All of the provisions do not apply to “grandfathered” plans, which are most health insurance plans that were in force when the ACA became law in March 2010. These plans do not have to follow rules such as providing preventive care without patient cost-sharing. Some 36% of those enrolled in employer plans in 2013 were enrolled in such plans, down from 48% in 2012, reports the Kaiser Family Foundation. A plan loses this status if significant changes are made in it.
Many policies do not meet this grandfathering criteria, and that led to millions of consumers who buy their own coverage receiving cancellation letters from insurers. The cancellations were an unwelcome surprise, given President Obama’s promise that people could keep their plans if they liked them. The cancellations occurred because the policies did not meet the ACA’s greater coverage requirements, and Obama’s change in policy to allow insurers to continue to offer them is a partial and difficult-to-implement fix. Theseindividualbuyers who will need to seek new policies are the very ones most dependent on the exchanges that have been so troublesome, and that could mean trouble for the ACA. “If the start-up problems and computer issues that the health exchanges have encountered turn out to be severe and prolonged, there could be a major impact on the size and composition of the risk pool. These factors are critical to the viability of the entire program,” says Endocrine Society adviser Glass. If a higher proportion of sicker patients — those most motivated to have coverage — plod their way through the exchanges while healthy patients find the process too troublesome, insurers would need to raise premiums to compensate.
Opportunities Yield Concerns
In addition to the opportunity for buying insurance, Glass says that there are some things in the ACA that endocrinologists will generally like, along with some concerns. On the positive side, there are some demonstration grants for new ways of looking at medical liability, proposals for simplification of claims processing, and a provision for collecting additional statistics and reports and funding studies aimed at improving diabetes care. A provision that raised Medicare reimbursement for bone density testing expired after two years, and medical societies are trying to get the level restored.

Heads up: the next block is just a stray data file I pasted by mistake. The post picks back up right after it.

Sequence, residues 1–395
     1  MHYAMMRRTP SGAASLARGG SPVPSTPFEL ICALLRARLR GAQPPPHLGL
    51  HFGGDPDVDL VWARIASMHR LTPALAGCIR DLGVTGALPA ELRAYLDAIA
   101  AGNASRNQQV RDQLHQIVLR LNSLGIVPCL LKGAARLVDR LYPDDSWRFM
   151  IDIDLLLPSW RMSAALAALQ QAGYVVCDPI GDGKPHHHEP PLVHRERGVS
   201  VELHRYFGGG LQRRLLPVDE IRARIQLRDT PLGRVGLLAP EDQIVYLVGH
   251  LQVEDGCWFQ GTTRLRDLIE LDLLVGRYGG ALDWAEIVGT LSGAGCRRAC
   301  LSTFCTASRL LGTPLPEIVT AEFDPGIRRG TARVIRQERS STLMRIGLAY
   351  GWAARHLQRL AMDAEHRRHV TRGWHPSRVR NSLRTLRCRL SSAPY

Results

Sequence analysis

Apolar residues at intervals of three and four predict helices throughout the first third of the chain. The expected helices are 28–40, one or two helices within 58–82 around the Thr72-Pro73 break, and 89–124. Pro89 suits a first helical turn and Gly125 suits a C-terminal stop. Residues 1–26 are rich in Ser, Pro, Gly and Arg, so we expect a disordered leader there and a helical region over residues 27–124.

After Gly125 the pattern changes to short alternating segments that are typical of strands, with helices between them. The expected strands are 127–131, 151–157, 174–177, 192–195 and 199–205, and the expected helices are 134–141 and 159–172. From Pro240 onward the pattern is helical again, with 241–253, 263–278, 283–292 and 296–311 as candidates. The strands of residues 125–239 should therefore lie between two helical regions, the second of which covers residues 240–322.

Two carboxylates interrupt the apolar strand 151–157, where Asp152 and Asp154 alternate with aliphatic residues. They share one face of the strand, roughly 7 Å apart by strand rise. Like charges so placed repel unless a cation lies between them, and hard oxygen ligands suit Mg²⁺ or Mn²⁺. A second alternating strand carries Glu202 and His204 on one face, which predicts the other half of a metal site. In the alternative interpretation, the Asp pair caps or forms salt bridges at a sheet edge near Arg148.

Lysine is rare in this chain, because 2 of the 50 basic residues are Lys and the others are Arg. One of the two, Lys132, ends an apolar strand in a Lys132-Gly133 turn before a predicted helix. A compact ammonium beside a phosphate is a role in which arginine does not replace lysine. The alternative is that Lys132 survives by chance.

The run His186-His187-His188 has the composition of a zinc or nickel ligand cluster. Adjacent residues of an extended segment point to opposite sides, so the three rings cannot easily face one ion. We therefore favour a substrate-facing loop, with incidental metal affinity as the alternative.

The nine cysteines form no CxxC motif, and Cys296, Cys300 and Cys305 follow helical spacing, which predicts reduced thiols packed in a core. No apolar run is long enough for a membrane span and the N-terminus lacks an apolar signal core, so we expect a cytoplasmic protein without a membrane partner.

The ACA also created a pair of potentially significant initiatives. The Patient-Centered Outcomes Research Institute is a nonprofit organization created to back difficult-to-fund comparative effectiveness research. The Center for Medicare and Medicaid Innovation is another new creation, within the Centers for Medicare and Medicaid Services, with a mission of finding new payment and delivery methods that improve care and health while lowering costs, including the effort exploring accountable care organizations (see related story, page 20).
Glass said a new entity is causing some people concern — the Individual Payment Advisory Board is a 15-member panel appointed by various political officials that is “set up as the court of last resort with regard to keeping Medicare expenditures in check … . If Medicare expenditures are rising too fast, then this committee will be allowed to make recommendations to bring those expenditures in line.” The board can cut payments to physicians and other providers, but can’t change anything related to the beneficiaries or their costs. The board’s proposals go into effect unless Congress stops them, and it is doubtful that the current Congress could agree on any response. Glass says that some observers fear that this panel could put the burden of cutting costs of Medicare on providers even further. But because Medicare’s cost growth rate has slowed, the trigger provisions for this board to act have not been met in recent years. “It’s a potential concern, but at this point it has not been in effect,” Glass says.
Glass acknowledged that the ACA remains very controversial and full of unknowns, but says that providing greater access to health insurance is a laudable goal considering that, for many conditions that occupy endocrinologists such as diabetes, earlier intervention can improve outcomes. The ACA’s success in that endeavor remains to be seen.